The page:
— Absolutely. You have to do to build a business, but at the same time there could be another interesting opportunity coming on. Sometimes you don't have space to think about it. I'm looking at it like this: working remotely allows me to have some time off, meet cool people and see what they're doing. Get new ideas, which is really nice.
“Business is like porridge: if you're doing the same thing for too long, you stop enjoying it."
— How frequently, if you ever, change jobs?
— Usually if I want to start something, I get really excited about it and I jump in. I go crazy, and just try and make it work. In terms of my personality, I'm a starter. I like the idea. I like just to challenge to try to make it work. After that, when it becomes a bit "same old, same old" and I see myself doing the same thing every day, I'm not just as excited.

At that stage I start looking for something else. And then something else comes along, then I go excited, and when I don't have time to do both of these businesses, I make a decision: «while I do the first one maybe I'll sell the old thing».

For me it's something like porridge: if you're doing the same thing for a year or two you stop enjoying it. I have the choice. I could do whatever I want.

Two days ago I was telling to a friend: «maybe I'll do a T-shirt podcast». The WiFi is insanely fast here, so two days later I have a new podcast on T-shirt business – it's called "The Merch Entrepreneur". It took me 24 hours to execute.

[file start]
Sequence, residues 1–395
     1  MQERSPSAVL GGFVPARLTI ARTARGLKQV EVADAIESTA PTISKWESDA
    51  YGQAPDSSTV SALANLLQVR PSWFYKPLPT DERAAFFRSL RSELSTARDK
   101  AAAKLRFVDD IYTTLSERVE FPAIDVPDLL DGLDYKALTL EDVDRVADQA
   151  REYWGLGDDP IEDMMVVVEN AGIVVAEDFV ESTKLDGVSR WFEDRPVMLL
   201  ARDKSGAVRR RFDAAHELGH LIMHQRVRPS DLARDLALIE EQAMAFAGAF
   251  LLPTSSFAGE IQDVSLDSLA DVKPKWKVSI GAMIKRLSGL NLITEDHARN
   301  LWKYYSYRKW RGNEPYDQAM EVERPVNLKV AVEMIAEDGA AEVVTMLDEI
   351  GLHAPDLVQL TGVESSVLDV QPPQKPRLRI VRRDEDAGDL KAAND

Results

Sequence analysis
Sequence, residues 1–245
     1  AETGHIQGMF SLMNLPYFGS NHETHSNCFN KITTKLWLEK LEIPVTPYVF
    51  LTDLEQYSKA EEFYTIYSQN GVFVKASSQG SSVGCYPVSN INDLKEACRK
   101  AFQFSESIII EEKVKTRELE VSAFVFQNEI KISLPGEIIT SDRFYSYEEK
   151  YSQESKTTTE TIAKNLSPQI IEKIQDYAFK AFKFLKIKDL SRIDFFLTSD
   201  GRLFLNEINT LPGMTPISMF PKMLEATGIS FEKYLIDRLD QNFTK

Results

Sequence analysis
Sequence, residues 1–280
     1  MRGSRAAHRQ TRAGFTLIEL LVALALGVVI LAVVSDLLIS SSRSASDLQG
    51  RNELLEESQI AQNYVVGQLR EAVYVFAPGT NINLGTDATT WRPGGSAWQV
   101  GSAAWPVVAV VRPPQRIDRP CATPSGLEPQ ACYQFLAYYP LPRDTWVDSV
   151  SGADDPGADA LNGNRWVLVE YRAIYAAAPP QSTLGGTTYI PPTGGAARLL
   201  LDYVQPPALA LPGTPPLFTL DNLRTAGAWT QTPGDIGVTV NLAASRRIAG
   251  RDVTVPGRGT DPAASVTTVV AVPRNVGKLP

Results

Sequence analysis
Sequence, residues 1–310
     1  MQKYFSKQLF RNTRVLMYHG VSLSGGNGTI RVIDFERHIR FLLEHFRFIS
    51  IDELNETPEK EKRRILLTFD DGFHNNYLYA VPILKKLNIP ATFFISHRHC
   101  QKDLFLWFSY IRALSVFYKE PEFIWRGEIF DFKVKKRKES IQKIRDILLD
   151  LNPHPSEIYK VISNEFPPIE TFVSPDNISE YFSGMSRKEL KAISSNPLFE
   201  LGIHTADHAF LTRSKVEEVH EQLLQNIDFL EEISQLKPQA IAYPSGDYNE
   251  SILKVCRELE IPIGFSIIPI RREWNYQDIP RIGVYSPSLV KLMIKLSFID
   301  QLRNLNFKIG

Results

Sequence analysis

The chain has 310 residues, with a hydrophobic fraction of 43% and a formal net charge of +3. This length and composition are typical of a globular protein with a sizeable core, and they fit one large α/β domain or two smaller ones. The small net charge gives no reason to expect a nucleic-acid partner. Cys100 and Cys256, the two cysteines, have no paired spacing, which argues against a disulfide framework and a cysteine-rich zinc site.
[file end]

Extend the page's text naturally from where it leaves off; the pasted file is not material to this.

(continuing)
— 24 hours from an idea to an execution?

Can you share a little bit more on where our podcast can be found?
— The website is merchentrepreneur.com and you can reach more detailed information to see if it's something that you'd like to try.
It's quite busy now, so I asked my VA to look for additional help from people he knows. Eventually, I have his cousin, his cousin's wife and his friend from school working with us.
— I have a last question here about the team that you already mentioned: how did you actually get to find them and how do you manage a remote team?
— As I've been growing different businesses, I have different skillset of people working for me: artists, assistants, developers. I have about six artists and about five or six virtual assistants. The VAs are full time and I speed dial the artists when I need them: "Help, I need hundred t-shirts!".

I have the most luck on upwork.com, which is a massive outsourcing website. I have to go through a lot of people to find the few that are good. I found my first VA on Upwork as well.

It's quite busy now, so I asked my VA to look for additional help from people he knows. Eventually I have his cousin, his cousin's wife, and his friend from school working with us. That was a genius solution, because I didn't even have to train them, because my main VA did it. Now I'm sending him "work orders", so he deals with the 4-5 people that he's hired and delegates the work to them. And if they have questions, he answers the questions.

In terms of practicality, how do I track everything? I use free software called Producteev. It's a lifesaver and my VA is in that as well. That just cuts down all the emails.
Photocredits: Elaine Heney, avantijapan.co.jp